Scotland on Satellite Communications Company’s Radar After Scottish Enterprise Support
An international company specialising in the development of advanced antenna systems will land in Scotland following a grant from Scottish Enterprise.
Celestia Technologies Group UK Ltd (Celestia UK) will establish an innovative project to develop a fully electronic scanning antenna for use with satellite-based aircraft Wi-Fi applications after it received a £2.5m R&D award from Scotland’s national economic development agency.
The company, a UK subsidiary of Celestia Technologies Group headquartered in Holland, will be based initially at Heriot-Watt University while it identifies permanent premises in Scotland. A total of 18 jobs will be created in Antenna technologies, Software Defined Radio, Radio Frequency Engineering and System Design.
Crucial to attracting CTG to Scotland was the country’s growing space sector, which is a key market for the company. It has been estimated that this burgeoning sector could be worth £4 billion to the Scottish economy by 2030.
The R&D award announcement was made during a visit to CTG’s Heriot-Watt University base by the Scottish Government’s Cabinet Secretary for Economy, Fair Work and Culture Fiona Hyslop.
Speaking after the visit, Ms Hyslop said: “The global space sector is estimated to be worth £400 billion by 2030 and I am determined that Scotland will capitalise on the potential economic opportunities associated with this. That is why the Scottish Government has identified space as a key priority.
“The sector in Scotland has seen strong growth over recent years, which is demonstrated through collaboration and investment such as Celestia Technologies, an international company that has decided to establish a permanent base in Scotland.
“I am determined that Scotland will lead the way in using satellite technologies and applications to make a significant contribution to combatting the climate emergency.”
CTG UK was established in 2017 to take advantage of opportunities in the emerging UK space sector. The company specialises in phased-array, multi-beam, electronic scanning concepts for the advancement of state-of-the-art antenna systems used for tracking satellites, particularly useful for megaconstellations.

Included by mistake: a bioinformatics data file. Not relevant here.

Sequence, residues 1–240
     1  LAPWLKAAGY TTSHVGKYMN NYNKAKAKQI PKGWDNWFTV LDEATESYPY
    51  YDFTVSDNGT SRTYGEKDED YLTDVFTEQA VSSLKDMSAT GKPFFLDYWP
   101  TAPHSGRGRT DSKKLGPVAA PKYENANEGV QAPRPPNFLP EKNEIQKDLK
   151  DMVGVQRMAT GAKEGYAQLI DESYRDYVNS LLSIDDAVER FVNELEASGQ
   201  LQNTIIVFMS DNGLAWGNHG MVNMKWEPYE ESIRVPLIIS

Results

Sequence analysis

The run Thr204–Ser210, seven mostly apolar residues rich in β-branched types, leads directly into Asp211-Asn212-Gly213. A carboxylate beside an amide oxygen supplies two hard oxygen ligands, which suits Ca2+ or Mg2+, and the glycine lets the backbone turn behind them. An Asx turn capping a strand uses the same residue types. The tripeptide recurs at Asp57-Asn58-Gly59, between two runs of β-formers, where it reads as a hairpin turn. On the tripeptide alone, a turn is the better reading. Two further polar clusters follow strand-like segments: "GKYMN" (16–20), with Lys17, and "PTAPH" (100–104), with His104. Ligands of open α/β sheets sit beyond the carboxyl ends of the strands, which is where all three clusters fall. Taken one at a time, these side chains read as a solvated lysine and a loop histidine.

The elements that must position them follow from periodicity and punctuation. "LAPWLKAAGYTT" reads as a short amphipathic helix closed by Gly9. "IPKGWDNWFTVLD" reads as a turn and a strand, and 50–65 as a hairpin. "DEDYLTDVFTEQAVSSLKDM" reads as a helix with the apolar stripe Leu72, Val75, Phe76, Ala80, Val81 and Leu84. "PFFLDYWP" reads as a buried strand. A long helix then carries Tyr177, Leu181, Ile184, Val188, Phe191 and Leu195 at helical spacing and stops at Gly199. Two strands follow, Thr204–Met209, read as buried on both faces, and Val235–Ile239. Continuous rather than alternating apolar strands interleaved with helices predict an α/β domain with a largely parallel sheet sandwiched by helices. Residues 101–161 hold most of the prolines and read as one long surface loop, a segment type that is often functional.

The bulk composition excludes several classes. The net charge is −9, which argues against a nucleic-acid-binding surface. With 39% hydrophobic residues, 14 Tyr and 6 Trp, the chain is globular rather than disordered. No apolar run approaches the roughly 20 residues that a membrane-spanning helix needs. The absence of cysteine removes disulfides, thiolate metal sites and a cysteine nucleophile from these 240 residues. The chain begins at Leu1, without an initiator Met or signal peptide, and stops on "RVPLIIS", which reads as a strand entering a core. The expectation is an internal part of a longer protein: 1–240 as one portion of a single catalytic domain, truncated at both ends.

CTG will use the R&D grant to develop a satellite antenna for aircraft to link with a communication satellite for the in-flight broadband sector, which is experiencing rapid growth. For this project, CTG intends to develop a flat panel antenna incorporating multi-beam and phased-array technology, and to test and validate a full prototype as well as setting the basis for ulterior production.
The proposed innovative design will be electronically steered and will offer improved communications and connectivity performance for a new generation of low and medium orbit satellites.
José Alonso, Chairman of CTG, said: “The grant will allow the company to establish a centre of competence in scanning antennas in Scotland, and have the confidence to continue its expansion in the UK in the supportive environment of the Scottish space sector, where skills and collaborative partners are in good supply.
“We are delighted to contribute to the knowledge-based jobs creation in the Edinburgh area and the economic growth of Scotland”.
Jonathan Wilson, Global Head of Inward Investment Services at Scottish Enterprise, added: “The decision by Celestia Technologies Group to deliver this innovative R&D project in Scotland is incredibly exciting and one which Scottish Enterprise is delighted to support.
“Scotland is developing a global reputation for our R&D capabilities and our growing technology cluster. Our space sector was also of great appeal to Celestia Technologies Group, highlighting the growing importance of this industry as Scotland seeks to be Europe’s leading space nation.
“Our world-class workforce, combined with the ‘Team Scotland’ approach we’ve adopted between our public institutions, academia and the private sector, ensures that Scotland continues to punch above its weight when it comes to attracting foreign direct investment. Competition for inward investment is fierce, but Scottish Enterprise will continue to actively promote our international leading sectors, such as our exciting space industry, as we bid to attract companies to Scotland.”
Scotland has a dynamic and growing space sector, which focuses on a number of high-tech, high skill and research and development intensive areas.
The space industry in Scotland has more than 130 organisations, with 7,600 employees at the cutting edge of their specialisms - backed by strong relationships with researchers in Scottish universities and research pools.
Notes to editors
The attached photo shows Ms Hyslop with José Alonso, Chairman of CTG